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MOSCOW, July 25 (Itar-Tass) - Russia has put British subject William Browder, the chief executive officer and a co-founder of the Hermitage Capital Management investment fund, on the international wanted list, a source at the press center of the Russian Interior Ministry told Itar-Tass on Thursday.
Browder is being accused of stealing almost 3 billion rubles worth of Gazprom shares, the source went on to say.
"The Russia-based Interpol office has sent a letter to the Interpol’s secretariat following a demand from the Russian Prosecutor General’s Office, requesting to put William Browder on the Interpol international wanted list. Browder is being charged with embezzlement in huge amounts which the Russian Penal Code classifies as a grave crime,” the Interior Ministry representative said.
It was established that Browder had paid more than two billion rubles to obtain over 131 million shares of the Russian gas giant Gazprom by internal market prices in a period from 1999 to 2004.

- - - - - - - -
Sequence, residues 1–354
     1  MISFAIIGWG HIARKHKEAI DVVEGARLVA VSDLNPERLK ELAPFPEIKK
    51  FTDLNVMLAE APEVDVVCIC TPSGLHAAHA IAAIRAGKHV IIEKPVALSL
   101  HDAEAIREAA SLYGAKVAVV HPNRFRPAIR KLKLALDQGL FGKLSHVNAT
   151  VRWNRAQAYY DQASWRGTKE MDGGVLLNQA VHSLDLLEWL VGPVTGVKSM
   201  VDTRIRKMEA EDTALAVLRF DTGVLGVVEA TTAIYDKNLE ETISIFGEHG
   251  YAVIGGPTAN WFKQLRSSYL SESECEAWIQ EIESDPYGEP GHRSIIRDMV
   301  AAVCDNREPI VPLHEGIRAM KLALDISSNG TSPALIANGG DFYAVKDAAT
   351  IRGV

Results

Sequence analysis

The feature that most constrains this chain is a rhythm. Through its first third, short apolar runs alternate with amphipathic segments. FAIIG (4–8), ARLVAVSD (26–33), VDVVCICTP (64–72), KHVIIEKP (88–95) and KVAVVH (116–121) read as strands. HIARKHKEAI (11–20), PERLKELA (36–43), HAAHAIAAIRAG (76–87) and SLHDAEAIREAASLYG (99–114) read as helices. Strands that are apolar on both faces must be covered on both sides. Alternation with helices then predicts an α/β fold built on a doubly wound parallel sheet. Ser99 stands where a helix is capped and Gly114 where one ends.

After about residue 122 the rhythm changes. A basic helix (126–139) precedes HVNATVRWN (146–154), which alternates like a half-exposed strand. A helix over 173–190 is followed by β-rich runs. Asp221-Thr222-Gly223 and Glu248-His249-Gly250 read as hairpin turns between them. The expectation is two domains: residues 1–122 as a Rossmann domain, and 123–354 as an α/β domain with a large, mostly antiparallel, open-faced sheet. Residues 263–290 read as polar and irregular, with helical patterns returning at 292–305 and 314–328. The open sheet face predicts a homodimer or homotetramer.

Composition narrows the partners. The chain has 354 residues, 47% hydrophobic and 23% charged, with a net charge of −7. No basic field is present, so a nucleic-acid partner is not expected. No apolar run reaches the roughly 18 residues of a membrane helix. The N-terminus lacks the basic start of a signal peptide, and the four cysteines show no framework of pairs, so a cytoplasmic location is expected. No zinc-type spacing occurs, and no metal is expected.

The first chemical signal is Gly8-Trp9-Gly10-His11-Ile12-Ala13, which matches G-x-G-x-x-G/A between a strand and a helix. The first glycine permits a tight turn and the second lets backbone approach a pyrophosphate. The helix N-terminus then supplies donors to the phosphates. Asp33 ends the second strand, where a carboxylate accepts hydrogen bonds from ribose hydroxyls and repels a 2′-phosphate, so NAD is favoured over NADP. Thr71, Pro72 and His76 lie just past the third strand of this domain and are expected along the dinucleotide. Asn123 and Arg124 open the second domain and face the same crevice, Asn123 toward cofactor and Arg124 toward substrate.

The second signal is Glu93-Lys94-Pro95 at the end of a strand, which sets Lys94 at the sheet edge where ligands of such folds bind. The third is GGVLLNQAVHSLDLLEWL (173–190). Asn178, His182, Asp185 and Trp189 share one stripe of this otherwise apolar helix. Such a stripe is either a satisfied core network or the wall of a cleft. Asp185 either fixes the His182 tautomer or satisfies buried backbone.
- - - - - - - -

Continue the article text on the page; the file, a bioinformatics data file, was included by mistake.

"At that time Russian laws required that all foreigners get permission from the Federal Commission for Securities and the Russian government for the acquisition of any shares or buy the so-called American depositary receipts at foreign stock exchanges where their price was much higher,” the Russian Interior Ministry explained.
Investigators believe that Browder set up several legal entities in the territory of the Russian Republic of Kalmykia to carry out unlawful transactions.
"He and a number of unidentified persons opened accounts at Gazprombank’s Depositary center as part of their criminal plan aimed at obtaining Russian securities,” the Russian Interior Ministry said.
Later on, Browder applied for the acquisition of Gazprom shares on behalf of the affiliated companies having concealed the fact that foreign capital accounted for a hundred percent of their authorized funds.
The Russian Interior Ministry said that Browder had concluded at least 30 unlawful deals involving the purchase and sale of Gazprom’s shares and had caused at least 2.9 billion rubles worth of damage to Russia.